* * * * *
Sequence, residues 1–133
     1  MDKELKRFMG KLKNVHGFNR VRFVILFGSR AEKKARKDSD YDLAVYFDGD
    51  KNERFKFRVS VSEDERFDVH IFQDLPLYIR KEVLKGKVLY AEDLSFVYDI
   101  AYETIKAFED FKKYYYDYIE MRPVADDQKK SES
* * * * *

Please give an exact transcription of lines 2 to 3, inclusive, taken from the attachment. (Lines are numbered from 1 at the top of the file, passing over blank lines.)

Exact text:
     1  MDKELKRFMG KLKNVHGFNR VRFVILFGSR AEKKARKDSD YDLAVYFDGD
    51  KNERFKFRVS VSEDERFDVH IFQDLPLYIR KEVLKGKVLY AEDLSFVYDI